OK, now that that's over with, get ready for some excellent anecdotes filled with hijinx and wacky mayhem. By the way, I've always despised the word anecdote. Sounds too much like antidote or antelope to be taken seriously.

Greetings from Nordegg, Alberta! Now, I know what you're're thinking here's where that little SOB says something like Nordegg: French for "ovaries of the North", or Nordegg: Named for Crispin and Meredith Nordegg, who opened the first dental clinic in what was eventually to become Saskatchewan and The Northwest Territories. But no, some things are too small and precious to be taken advantage of.

Actually, the hell with it. Nordegg, named after Martin Cohen, a Jewish-German industrialist who felt his name was not Canadian enough so changed it to Martin Nordegg before settling in the SW Alberta region in the early 1900's and founding one of the largest coal mines in all of pre-WWII Canada. The comedy of all this is that it's actually true. I couldn't make that up if I tried. Seriously. Look it up.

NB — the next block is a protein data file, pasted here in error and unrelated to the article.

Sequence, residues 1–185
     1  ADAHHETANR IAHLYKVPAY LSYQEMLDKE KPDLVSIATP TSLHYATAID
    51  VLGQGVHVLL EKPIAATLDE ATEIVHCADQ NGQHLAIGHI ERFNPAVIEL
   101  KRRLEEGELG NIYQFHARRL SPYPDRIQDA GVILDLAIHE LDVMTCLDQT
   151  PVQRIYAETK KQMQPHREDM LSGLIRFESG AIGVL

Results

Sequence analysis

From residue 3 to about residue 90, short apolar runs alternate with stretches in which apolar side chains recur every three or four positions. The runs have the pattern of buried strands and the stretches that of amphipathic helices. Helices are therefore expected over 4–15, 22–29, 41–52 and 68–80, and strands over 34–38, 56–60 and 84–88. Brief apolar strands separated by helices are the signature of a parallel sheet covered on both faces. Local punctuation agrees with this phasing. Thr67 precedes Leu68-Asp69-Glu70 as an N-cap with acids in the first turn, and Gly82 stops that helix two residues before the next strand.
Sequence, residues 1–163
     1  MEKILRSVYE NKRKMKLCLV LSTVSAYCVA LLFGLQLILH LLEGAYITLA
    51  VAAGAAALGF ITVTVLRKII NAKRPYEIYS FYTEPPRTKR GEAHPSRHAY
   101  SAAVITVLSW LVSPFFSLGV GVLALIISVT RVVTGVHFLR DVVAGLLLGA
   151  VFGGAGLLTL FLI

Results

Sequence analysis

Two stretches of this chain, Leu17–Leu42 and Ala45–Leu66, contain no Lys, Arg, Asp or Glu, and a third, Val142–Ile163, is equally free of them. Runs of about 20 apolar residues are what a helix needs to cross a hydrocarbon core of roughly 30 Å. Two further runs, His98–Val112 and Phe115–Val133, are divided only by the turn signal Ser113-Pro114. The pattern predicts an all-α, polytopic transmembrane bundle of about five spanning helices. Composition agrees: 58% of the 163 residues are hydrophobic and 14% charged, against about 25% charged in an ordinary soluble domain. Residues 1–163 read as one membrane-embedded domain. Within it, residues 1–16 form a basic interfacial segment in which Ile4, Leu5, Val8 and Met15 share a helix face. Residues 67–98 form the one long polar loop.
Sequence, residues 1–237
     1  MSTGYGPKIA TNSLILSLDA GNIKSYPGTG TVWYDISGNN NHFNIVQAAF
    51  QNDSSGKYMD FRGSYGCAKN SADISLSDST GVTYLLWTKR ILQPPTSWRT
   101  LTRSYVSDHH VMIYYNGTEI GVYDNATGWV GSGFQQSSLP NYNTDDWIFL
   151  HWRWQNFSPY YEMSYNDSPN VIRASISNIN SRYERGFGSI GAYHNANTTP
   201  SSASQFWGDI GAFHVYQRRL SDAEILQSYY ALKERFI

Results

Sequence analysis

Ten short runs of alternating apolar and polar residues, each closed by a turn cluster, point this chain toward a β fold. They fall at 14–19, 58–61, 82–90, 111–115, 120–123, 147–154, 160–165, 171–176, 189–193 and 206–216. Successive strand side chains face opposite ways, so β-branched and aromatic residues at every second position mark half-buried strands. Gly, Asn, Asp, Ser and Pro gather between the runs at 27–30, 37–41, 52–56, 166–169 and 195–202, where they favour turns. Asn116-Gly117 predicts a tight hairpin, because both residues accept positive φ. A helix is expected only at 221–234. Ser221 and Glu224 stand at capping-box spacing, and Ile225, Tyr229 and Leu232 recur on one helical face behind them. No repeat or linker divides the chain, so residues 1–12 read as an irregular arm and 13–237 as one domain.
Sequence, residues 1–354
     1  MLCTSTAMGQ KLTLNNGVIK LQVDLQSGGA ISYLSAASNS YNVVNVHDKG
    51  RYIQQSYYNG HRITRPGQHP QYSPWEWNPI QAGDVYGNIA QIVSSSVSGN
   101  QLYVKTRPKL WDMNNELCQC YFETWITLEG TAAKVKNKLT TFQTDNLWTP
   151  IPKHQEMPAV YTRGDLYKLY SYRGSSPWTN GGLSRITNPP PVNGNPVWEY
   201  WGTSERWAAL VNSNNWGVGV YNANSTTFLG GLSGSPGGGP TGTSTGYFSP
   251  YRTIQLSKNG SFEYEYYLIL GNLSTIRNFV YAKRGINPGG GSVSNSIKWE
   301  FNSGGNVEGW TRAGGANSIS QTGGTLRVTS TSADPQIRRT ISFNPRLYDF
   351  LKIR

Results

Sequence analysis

Let's see....ah yes, my bike ride. Hmmm, rolling North from Lincoln, I devoured the mountains of Montana like a goat on wheels. Not even the mosquitoes could slow me down. Skirting Glacier National Park and the moist mountains to its West, coniferous forests and startled cows blurred past. Speaking of cows, the number of our future hamburgers that inhabit this nations public lands and denude the landscape of anything nutritious within 4 vertical feet of their fat ankles is nothing less than pathetic. In the 40+ days I rode through public lands, there was only 1 that I did not pass herds of cows (my second to last day in the states).